Books

MaddAddam by Margaret Atwood - review

31 August 2013 9:00 am

The two opening volumes of Margaret Atwood’s trilogy have sold over a million copies. One of them managed to be…

Heaven

31 August 2013 9:00 am

Perhaps Heaven is like being foreign abroad where even the groceries appear exotic. All is before you exactly as it…

There and Then: Personal Terms 6, by Frederic Raphael - review

31 August 2013 9:00 am

Frederic Raphael is forensic in his description of the failures of successful people. He is enviously superior and he is…

L'Enfant Sauvage

Francois Truffaut, by Anne Gillian - review

31 August 2013 9:00 am

Almost 30 years after his death, François Truffaut remains a vital presence in the cinema. Terrence Malick and Wes Anderson…

The Red Road by Denise Mina- review

31 August 2013 9:00 am

Denise Mina’s 11th crime novel, The Red Road (Orion, £12.99), is one of her best, which is saying a good…

Russian Roulette, by Giles Milton - review

31 August 2013 9:00 am

Had Onan not spilled his seed upon the ground, he might have invented invisible ink. The possibility had not occurred…

Canal boat

Chaplin & Company, by Mave Fellowes - review

31 August 2013 9:00 am

The unlikely heroine of Mave Fellowes’s Chaplin & Company (Cape, £16.99) is a highly-strung, posh-speaking, buttoned-up 18-year-old with the unhelpful…

Trying to keep afloat

29 August 2013 1:00 pm

The unlikely heroine of Mave Fellowes’s Chaplin & Company (Cape, £16.99) is a highly-strung, posh-speaking, buttoned-up 18-year-old with the unhelpful…

Canal boat

Trying to keep afloat

29 August 2013 1:00 pm

The unlikely heroine of Mave Fellowes’s Chaplin & Company (Cape, £16.99) is a highly-strung, posh-speaking, buttoned-up 18-year-old with the unhelpful…

Books and Arts

24 August 2013 9:00 am

The Huguenots, by Geoffrey Treasure - review

24 August 2013 9:00 am

France’s early 21st-century Protestants are eco-friendly, gender-sensitised and respectful of the Fifth Republic’s laïcité. But their ancestors were a less…

This Town, by Mark Leibovich - review

24 August 2013 9:00 am

Many books have been written about the corruption, venality and incestuousness that characterise Washington DC, but none has been as…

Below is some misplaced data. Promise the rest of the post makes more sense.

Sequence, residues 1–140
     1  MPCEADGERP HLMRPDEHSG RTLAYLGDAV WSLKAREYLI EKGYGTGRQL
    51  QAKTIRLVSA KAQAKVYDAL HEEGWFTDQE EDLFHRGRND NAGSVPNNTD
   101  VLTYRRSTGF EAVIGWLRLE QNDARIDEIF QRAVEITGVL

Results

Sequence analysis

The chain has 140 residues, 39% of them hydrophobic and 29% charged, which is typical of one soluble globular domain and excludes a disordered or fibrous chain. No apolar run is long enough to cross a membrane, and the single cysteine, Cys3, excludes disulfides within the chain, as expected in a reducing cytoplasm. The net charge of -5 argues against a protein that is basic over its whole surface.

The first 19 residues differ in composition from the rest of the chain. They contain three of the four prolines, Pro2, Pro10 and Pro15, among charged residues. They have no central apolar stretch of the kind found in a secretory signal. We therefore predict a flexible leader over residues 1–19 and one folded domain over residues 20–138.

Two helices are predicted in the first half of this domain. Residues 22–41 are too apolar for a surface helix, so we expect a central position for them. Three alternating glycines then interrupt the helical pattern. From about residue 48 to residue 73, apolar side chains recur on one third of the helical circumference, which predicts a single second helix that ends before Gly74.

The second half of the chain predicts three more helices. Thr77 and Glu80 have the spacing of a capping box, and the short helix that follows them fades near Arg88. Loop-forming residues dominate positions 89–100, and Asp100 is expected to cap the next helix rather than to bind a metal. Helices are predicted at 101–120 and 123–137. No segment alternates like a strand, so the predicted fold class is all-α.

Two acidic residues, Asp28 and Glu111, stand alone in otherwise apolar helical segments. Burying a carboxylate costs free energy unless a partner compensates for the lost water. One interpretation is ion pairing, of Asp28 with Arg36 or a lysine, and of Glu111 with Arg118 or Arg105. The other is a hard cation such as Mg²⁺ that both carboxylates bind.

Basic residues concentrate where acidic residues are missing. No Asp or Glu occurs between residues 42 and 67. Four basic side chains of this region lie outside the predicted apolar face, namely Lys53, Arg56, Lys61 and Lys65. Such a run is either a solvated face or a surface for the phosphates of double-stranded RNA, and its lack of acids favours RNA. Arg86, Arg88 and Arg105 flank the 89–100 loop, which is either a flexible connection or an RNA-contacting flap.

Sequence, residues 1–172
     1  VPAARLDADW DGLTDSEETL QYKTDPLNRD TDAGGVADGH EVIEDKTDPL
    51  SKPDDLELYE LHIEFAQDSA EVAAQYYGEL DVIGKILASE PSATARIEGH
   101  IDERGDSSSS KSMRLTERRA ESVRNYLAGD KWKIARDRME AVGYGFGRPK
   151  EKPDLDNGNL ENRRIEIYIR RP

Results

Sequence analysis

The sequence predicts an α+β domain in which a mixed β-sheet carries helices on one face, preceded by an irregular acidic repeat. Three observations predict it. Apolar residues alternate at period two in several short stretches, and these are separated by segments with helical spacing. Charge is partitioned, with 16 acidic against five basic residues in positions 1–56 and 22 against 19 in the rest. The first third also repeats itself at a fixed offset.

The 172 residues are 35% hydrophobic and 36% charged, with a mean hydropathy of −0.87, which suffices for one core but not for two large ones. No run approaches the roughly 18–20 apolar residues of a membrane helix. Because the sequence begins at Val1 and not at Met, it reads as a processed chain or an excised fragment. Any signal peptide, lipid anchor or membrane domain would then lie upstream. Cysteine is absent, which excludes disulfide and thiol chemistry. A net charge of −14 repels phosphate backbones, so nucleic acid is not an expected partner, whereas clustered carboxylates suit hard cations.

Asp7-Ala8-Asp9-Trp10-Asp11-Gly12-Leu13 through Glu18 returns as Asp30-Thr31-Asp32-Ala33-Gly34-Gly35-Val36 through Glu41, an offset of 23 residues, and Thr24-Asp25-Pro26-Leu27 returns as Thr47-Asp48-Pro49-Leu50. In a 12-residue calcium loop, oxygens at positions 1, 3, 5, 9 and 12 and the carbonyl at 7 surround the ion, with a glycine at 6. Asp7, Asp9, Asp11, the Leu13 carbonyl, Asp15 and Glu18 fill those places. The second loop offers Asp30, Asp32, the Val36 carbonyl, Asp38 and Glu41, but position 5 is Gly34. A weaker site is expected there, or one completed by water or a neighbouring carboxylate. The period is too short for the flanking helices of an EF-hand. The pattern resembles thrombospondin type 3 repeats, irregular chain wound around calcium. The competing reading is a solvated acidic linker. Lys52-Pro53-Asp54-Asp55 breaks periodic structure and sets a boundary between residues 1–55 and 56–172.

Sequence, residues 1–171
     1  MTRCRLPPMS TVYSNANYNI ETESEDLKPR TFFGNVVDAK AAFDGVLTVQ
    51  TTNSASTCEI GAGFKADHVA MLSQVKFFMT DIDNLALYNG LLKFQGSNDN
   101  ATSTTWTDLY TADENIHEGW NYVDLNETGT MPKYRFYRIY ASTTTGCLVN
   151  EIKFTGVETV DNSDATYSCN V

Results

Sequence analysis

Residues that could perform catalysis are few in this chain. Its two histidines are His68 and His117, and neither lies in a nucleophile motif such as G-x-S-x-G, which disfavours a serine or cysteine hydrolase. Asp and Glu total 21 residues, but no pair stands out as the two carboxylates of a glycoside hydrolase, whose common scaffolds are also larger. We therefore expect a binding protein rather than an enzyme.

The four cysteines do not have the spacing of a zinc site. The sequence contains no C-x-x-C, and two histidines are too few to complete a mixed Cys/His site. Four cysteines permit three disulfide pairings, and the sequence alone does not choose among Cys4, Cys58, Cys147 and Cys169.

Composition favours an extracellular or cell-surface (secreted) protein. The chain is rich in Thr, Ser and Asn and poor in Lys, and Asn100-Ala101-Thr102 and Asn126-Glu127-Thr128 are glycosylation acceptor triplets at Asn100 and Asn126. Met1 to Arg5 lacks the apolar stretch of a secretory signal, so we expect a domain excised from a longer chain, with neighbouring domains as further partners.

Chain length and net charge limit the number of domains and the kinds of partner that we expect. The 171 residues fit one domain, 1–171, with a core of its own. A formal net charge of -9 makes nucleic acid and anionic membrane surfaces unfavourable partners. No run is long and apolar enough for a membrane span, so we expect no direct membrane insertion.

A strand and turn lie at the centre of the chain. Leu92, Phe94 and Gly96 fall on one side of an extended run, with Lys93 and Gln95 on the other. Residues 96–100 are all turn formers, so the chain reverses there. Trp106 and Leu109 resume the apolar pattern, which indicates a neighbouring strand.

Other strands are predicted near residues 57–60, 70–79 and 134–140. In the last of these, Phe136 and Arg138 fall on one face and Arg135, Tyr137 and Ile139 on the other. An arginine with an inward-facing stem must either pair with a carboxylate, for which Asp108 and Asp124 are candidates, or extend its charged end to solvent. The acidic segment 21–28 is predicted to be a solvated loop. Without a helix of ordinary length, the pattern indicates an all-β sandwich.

Red or Dead by David Peace - review

24 August 2013 9:00 am

The last time David Peace wrote a novel about football he got his publishers sued for libel, which may help…

A Classless Society, by Alwyn W. Turner - review

24 August 2013 9:00 am

The title of Alwyn W. Turner’s book could deter readers. Even the Hollywood film The Secret Lives of Dentists promised…

Paul Bowles

Tangier, by Josh Shoemake - review

24 August 2013 9:00 am

This may sound a little orientalist, but Tangier has some claim to being the most foreign city in the world.…

The Good Nurse, by Charles Graeber - review

24 August 2013 9:00 am

Charles Cullen, an American nurse, murdered several hundred patients by the administration in overdose of restricted drugs. Hospitals should be…

The Rainborowes, by Adrian Tinniswood - review

24 August 2013 9:00 am

Adrian Tinniswood, so gifted and spirited a communicator of serious history to a wide readership, here brings a number of…

A Rogues’ Gallery, by Peter Lewis - review

24 August 2013 9:00 am

Like Mel Brooks’s character the Two Thousand-Year-Old Man, Peter Lewis has met everyone of consequence. Though he doesn’t mention being…

Philip Hensher reviews the Man Booker prize longlist

24 August 2013 9:00 am

The Man Booker prize has strong years and weak years. There have been ones when the judges have succeeded in…

The Email About Writing the Poem

24 August 2013 9:00 am

I’ve been occupying myself trying to write a long-ish poem. It’s an odd sensation writing a poem. You’re trying to…

The Selected Letters of Willa Cather, edited by Andrew Jewell - review

17 August 2013 9:00 am

Willa Cather is an American novelist without name-recognition in Europe, yet she had a wider range of subject and deeper…

A Bright Moon for Fools, by Jasper Gibson - review

17 August 2013 9:00 am

Harry Christmas, the central character of this bitterly funny debut novel, is a middle- aged, overweight alcoholic, with no friends…

An Armenian Sketchbook, by Vasily Grossman - review

17 August 2013 9:00 am

Vasily Grossman, a Ukranian-born Jew, was a war correspondent for the Soviet army newspaper Red Star. His dispatches from the…

Migration Hotspots, by Tim Harris - review

17 August 2013 9:00 am

Consider for a moment the plight of the willow warbler. Russian birds of this species fly between eastern Siberia and…

Bitter Experience Has Taught Me, by Nicholas Lezard - review

17 August 2013 9:00 am

What, really, is a literary education for? What’s the point of it? How, precisely, does it help when you’re another…